PHOENIX – Diana Taurasi wasn’t the best player on her team Wednesday night. That was Brittney Griner. She wasn’t the best guard on the floor. That was Courtney Vandersloot from Chicago. But Taurasi’s greatest gift is not an ability but a genetic trait, Diana’s DNA, a badass quality that she carries everywhere and summons when she needs it most.
It takes many forms. Here was one: Taurasi coming up, sinking a 29-foot-three-inch pointer and committing a foul and then making a free throw, a four-point play that somehow felt ridiculous and highly predictable. After all, it was the overtime of Game 2 of the WNBA Finals. The Phoenix Mercury needed Taurasi to become fully Taurasi, and it did. Taurasi scored eight points in overtime. Sky scored seven. The Mercury won, 91-86.
“She is amazing, isn’t she?” Phoenix coach Sandy Brondello said. “She is just a player who loves those moments. There is no fear, even when she is so tired. “
Griner said, “That’s the GOAT right there, okay? We know what Dee can bring. It doesn’t matter how the game starts. When push comes to shove, we have all the faith in the world that Dee is going to make decisive shots for us. He does it year after year ”.
The Finals now go to Chicago, tied 1-1. Taurasi probably can’t lead his team to the championship – he’s 39, he’s lost a step or two, and the Skies are just too good. But if Taurasi can transport the Mercury for one or two more critical stretches, that might be enough. For now, Phoenix has life and hope. Chicago has a concern: Vandersloot, an impressive passer who hit a canted layup on an extended Griner to force overtime, came out with a boot on the left foot. She said it will be fine. Heaven needs her to be.
The Sky should never have let this game come to Taurasi time. They led most of the game. They are the fastest and deepest team, changing and catching on defense, getting to their places faster on offense. But winning Game 2 on the road after you’ve already won Game 1 requires something more, a perpetual balance that Sky couldn’t muster.
When a delayed replay review wiped out Sky’s triple in the fourth quarter, Chicago seemed to rock. Reviewing a shot for multiple possessions later might be the right thing to do for the game, but it’s still weird for fans and gamers alike. Sky went from leading 72-65 to losing 70-69, a technologically induced run that helped force overtime. But the Mercury also lost a bucket due to a late overhaul, and this is the game now anyway.
Chicago coach James Wade walked into his postgame press conference determined to complain about the refereeing. He used the first question to regret his team’s four free throws in 45 minutes and said: “They played more physically and I think they were allowed. We took four free throws. Four free throws. Call it what you want … I think when you attack the rim and you miss it, it should be called. I’ve never heard of ‘let them play.’ He had a point, but this was an away Finals game in front of a noisy crowd. You can’t count on whistles.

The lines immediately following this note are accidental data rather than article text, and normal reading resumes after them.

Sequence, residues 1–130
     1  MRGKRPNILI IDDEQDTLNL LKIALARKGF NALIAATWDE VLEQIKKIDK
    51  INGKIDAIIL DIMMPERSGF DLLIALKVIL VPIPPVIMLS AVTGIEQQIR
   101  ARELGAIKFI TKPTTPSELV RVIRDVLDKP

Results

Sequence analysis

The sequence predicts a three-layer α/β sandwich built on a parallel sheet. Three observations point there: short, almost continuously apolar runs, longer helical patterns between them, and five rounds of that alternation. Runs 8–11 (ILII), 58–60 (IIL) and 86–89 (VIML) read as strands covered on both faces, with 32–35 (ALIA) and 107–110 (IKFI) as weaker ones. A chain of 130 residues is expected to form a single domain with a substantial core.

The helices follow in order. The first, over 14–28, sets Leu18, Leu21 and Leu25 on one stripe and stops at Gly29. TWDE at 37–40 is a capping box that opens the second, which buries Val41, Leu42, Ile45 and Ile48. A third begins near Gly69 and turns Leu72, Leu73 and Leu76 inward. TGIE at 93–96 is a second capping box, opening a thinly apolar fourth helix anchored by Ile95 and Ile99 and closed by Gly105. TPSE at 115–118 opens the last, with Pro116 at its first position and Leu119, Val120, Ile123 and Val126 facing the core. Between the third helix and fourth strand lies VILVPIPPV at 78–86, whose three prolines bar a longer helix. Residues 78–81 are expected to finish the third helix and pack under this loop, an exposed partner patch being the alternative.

Wade knows it too: “We were a little impatient and we shot the first three who were there. I hope for a better execution. “
In Game 1 and in long stretches of Game 2, Sky seemed like the superior team. They might as well turn out to be. But Griner kept his team in it with 29 points on 19 shots. Everything you do seems easier than it needs to be. As Taurasi said, “We know where our bread and butter are. BG is playing at a different level right now. There’s really nothing anyone can do. “
In the fourth quarter, Griner handed over the baton to Taurasi, perhaps the best finalist in the game’s history. This has to end at some point, right? Taurasi is 39 years old. She was harassed for most of the night by Allie Quigley and parts of her by Kahleah Copper. She only attempted three two-point shots. He had no assists. He did not get a single foul while driving to the basket. Naturally, she took over the game anyway.
“You try to hit every possession, every timeout, and focus on each other,” Taurasi said. “At the end of the day, it ends up being just basketball.”
Part of the Taurasi aura is that it is obviously made up of different things, but it still has a vulnerable all-female form. Mercury teased Taurasi about her only robbery, a rarity for her at this age, and she joined in: “I finally get a robbery and then trip over my own feet. That’s my life in so many ways. “In the past six days, he called for an absurd Game 5 performance to eliminate Las Vegas, welcomed his second child with his wife Penny Taylor, was destroyed in Game 1 of the Finals, then rescued her team in Game 2. She needs two wins for her fourth WNBA championship. She is 39 years old, no longer a dominant 40 minute player, but she is still Diana Taurasi. She knows it. Your opponents know it. And she knows that they know.
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Eddie is an Australian news reporter with over 9 years in the industry and has published on Forbes and tech crunch.